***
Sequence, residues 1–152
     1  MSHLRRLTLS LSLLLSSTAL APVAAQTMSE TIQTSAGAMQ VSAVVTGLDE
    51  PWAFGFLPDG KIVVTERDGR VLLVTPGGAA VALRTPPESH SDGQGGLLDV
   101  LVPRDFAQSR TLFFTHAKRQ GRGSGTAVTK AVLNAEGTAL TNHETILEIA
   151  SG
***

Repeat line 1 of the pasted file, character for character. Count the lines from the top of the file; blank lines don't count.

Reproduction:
Sequence, residues 1–152